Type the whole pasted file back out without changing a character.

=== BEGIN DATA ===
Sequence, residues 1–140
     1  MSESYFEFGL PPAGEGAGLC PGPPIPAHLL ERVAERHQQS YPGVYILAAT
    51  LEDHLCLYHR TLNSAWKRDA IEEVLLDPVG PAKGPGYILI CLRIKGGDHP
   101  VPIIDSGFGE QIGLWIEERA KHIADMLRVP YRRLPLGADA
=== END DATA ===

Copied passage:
Sequence, residues 1–140
     1  MSESYFEFGL PPAGEGAGLC PGPPIPAHLL ERVAERHQQS YPGVYILAAT
    51  LEDHLCLYHR TLNSAWKRDA IEEVLLDPVG PAKGPGYILI CLRIKGGDHP
   101  VPIIDSGFGE QIGLWIEERA KHIADMLRVP YRRLPLGADA